Area-X continues the theme of visual novels that look to add a little bit of something extra to the presentation. Once upon a time, these games were often little more than fully scripted scenes that sometimes you had a chance to impact with some choices. Now games are sprinkling in RPG or adventure elements to help liven the content up.
Area-X mixes some adventure elements with those of dating simulations. The story circles around a young woman named Elcia whose adventures carry her through six chapters that spans multiple missions that span several dimensions. The story is actually set in the distant future where society has been driven deep underground – a theme not uncommon in many science fiction tales.
While technological advances have given society a means of survival, their ability to harvest resources has become compromised over time. This is where the technology comes into play, as Time Negotiators are sent to different times and locations in an effort to try and gather more resources to help ensure the survival of their people.
While Elcia is not the first of these time travelers, she does appear to be the first to stumble onto a mysterious location known as Area-X during her first venture. This leads to a story shrouded in mystery that also has those aforementioned dating simulation elements that an lead to a handful of different romances – and different endings.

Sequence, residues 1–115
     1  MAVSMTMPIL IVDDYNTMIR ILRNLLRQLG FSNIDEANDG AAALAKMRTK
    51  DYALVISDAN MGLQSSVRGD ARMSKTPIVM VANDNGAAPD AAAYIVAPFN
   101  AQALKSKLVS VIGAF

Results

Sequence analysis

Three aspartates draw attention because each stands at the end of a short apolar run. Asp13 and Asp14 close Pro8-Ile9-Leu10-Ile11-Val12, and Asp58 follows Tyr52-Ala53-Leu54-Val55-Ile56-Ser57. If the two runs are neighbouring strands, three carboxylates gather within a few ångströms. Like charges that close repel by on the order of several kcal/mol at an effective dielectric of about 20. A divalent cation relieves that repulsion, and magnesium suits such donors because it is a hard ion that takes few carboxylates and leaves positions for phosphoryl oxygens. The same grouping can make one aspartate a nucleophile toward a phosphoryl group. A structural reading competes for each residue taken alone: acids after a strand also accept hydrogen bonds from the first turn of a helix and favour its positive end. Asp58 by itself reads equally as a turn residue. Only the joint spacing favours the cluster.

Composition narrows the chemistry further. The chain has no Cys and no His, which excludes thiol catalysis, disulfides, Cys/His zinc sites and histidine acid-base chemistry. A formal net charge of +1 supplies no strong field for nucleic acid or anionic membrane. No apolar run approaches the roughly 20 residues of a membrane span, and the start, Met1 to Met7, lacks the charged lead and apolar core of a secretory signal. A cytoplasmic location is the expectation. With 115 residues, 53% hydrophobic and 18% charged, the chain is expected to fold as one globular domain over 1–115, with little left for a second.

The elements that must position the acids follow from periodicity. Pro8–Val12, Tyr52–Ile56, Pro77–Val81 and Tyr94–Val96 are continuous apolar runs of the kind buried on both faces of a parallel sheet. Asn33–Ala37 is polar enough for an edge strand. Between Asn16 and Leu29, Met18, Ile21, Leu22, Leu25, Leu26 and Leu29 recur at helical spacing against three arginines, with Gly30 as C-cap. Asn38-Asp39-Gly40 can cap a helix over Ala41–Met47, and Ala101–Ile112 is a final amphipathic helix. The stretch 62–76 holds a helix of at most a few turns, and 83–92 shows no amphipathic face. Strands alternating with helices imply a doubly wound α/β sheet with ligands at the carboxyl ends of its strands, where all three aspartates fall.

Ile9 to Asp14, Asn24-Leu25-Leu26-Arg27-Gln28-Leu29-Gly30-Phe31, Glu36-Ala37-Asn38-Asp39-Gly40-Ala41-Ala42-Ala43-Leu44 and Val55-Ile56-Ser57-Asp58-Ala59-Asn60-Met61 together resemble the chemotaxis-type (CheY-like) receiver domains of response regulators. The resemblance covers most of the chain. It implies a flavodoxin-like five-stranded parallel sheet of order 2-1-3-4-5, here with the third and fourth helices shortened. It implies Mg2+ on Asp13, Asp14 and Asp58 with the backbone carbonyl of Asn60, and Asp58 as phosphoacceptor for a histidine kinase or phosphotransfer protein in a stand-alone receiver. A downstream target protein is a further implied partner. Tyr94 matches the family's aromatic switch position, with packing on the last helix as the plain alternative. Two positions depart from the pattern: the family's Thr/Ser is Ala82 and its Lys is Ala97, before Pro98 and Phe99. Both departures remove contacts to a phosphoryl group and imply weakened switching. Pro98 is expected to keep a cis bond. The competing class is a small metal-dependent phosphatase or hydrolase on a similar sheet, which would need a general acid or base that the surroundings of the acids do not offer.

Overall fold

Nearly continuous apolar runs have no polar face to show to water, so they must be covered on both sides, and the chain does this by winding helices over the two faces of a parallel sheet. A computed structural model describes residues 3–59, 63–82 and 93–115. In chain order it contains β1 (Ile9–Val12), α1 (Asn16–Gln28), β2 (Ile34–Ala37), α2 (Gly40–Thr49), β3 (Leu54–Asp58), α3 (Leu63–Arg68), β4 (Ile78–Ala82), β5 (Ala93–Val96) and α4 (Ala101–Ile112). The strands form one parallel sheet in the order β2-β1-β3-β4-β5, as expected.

Visual novels are somewhat difficult to review, because you do not want to delve too heavily into the story – after all, that is the meat to the their content. That being said, the story is well-written, with some surprisingly emotional turns later in the tale that is also complimented by subtle music that never really gets in the way and generally complements what is happening next. The adventure/simulation mechanics are quite light for both genres. You are clicking on things now and again to advance the story, and you make some choices that ultimately determine the direction of the tale.
The storyline divergence is a nice touch as most of the time visual novels are pretty linear. You might make choices, but they seldom really seem to have much impact on how things play out. The core story does remain the same, but the various relationships and endings give players a reason to pick the title back up and play again once they have beaten it.
Area-X is not going to redefine the genre. It blends some light elements from other types of games to create something that is not wholly unique, but still feels fresh. The audio and visual presentation really help to sell the story that can span around a dozen hours – pretty good mileage for this type of game (I have flown through some visual novels in only a handful of hours before). For fans of the genre, you will probably enjoy what Area-X has to offer, but for those skeptical of visual novels, this probably will not be the title to win you over.
Review by Nick